How to Face Rejection When Asking Out a Guy

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It can be nerve-wracking for women to ask men on dates, even though the women's rights movement has been around for so long. Women wonder if men will think they are too forward, and what will happen if men say no. Women also have less practice being assertive than men, so the process can be even scarier for them. However, many guys like it when women ask them out, as they find it refreshing, says Ronda Findling, author of “The Dating Cure."

Consider the Alternative

You could flirt with him, drop hints, and wait for him to ask you out. However, this is often frustrating for women who prefer to control their own fate. Plus, he may never get that you’re into him unless you make a move directly. If you don’t want to wait around forever or lose a chance to date a great guy, you’ll have to take the risk of rejection. If you ask him out, there’s a chance he’ll say yes. If you never ask, there’s a very good chance you won’t be going out on a date.

Build Confidence

You know you’re great. He’d be foolish not to want to spend some time with you, so boost yourself up beforehand. If you’ve been flirting with each other already, or you keep meeting each other’s eyes across a crowded restaurant, you can use his non-verbal communication as a confidence booster. Consider all of the ways in which you’re a fun date: your wit, your smarts, your excellent taste in movies or your athleticism. Put less emphasis on how you perceive your looks. A guy who would reject you for superficial reasons is not a person you’d want to date, and it’s his loss.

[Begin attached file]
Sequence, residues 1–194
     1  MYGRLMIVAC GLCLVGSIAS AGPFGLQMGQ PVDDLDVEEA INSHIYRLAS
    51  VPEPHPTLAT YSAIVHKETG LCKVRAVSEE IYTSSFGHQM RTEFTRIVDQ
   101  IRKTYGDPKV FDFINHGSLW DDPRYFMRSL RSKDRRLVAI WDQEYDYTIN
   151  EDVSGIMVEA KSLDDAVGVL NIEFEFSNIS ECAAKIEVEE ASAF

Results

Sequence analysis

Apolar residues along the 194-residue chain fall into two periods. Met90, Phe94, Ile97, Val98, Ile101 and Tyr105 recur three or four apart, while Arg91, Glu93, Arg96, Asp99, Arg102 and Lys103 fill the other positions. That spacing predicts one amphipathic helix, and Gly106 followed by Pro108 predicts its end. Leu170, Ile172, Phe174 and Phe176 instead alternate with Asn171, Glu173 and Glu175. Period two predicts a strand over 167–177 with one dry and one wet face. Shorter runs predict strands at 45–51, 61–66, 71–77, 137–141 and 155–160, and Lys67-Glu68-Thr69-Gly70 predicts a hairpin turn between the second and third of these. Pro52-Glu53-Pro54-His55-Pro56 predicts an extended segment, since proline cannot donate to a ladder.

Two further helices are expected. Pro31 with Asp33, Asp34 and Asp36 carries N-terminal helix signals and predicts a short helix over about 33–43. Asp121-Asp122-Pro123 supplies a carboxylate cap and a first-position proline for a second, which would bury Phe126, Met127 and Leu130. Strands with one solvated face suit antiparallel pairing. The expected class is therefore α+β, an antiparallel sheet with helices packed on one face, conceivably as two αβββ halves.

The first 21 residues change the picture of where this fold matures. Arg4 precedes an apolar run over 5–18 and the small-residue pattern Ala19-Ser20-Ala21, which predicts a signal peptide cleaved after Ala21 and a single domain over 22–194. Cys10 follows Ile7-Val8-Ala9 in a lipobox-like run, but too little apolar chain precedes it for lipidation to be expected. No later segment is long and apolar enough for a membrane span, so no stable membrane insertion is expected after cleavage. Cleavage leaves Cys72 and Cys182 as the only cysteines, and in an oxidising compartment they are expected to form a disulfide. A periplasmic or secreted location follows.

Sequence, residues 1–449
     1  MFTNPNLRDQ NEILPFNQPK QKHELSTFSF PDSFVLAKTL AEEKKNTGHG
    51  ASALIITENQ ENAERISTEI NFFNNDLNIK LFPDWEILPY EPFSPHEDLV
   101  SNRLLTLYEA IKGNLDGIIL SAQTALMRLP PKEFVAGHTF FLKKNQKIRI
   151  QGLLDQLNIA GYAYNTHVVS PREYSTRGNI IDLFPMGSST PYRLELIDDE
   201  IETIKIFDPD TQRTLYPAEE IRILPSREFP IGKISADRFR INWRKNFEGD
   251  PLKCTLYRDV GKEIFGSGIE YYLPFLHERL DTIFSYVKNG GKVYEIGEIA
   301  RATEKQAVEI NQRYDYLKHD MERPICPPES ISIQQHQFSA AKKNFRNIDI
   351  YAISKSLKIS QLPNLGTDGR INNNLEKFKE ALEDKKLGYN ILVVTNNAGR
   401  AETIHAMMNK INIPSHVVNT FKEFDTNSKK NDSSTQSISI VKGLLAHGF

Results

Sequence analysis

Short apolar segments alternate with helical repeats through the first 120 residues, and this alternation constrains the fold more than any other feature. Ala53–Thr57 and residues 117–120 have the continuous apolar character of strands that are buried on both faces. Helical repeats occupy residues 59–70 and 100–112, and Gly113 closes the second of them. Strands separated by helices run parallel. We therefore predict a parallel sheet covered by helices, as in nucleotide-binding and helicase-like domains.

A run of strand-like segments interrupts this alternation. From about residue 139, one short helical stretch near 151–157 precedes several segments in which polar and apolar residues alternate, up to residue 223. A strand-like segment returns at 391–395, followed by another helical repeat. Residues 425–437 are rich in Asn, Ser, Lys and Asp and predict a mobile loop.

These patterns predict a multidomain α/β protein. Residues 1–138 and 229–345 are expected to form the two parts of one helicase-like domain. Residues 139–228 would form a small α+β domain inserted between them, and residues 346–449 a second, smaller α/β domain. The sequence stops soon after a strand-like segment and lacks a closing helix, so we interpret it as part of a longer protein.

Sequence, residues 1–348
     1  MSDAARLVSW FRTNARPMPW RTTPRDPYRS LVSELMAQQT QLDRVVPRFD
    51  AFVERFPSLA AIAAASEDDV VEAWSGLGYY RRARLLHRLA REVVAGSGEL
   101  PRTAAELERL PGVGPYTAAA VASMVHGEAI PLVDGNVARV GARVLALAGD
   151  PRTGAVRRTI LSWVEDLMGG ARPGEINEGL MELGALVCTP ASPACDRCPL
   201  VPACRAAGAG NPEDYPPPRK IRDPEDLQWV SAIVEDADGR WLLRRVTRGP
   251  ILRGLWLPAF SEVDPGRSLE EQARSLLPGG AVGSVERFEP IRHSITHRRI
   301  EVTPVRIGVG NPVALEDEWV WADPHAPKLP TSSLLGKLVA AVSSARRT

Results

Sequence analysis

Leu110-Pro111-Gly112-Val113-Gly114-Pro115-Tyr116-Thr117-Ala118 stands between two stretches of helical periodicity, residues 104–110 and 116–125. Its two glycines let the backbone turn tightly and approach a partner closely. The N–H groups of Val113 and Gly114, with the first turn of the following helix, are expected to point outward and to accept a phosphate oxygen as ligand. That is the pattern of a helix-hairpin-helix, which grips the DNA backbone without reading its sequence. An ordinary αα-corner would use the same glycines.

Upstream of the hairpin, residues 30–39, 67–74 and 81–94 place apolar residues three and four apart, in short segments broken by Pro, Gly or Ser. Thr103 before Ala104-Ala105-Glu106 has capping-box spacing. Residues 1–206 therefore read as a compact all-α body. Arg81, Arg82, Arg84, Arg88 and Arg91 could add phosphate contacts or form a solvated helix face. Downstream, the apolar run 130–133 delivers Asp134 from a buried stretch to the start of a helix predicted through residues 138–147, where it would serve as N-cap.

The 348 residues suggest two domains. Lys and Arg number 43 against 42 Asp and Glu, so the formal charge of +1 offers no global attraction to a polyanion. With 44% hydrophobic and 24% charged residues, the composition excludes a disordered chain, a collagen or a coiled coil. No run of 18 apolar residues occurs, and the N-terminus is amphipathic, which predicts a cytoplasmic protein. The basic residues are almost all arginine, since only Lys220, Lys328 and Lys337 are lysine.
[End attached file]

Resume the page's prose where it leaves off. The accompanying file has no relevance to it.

Go For It

The only way to ask is to just go for it and ask him out. Bethany Heitman of Cosmopolitan Magazine has some great tips on ways to do this, including buying him a drink so he will come talk to you, including him in a group outing or offering him a ticket to a concert or sporting event. The more low-key your first date offer, the less first date pressure on both of you.

Bounce Back

In the worst-case scenario, he might say no. Don’t blame yourself for someone else’s rejecting behavior, says Jeremy Nicholson, M.S.W., Psy.D. People have a tendency to take rejection personally, saying, “I got rejected," but you weren't rejected. That person rejected the offer you proposed, says Nicholson. Remember that the guy you’re asking out doesn't know you very well, and there could be many reasons for his answer that have nothing to do with you. Instead of dwelling on his answer, pick yourself up and ask someone else who might be interested.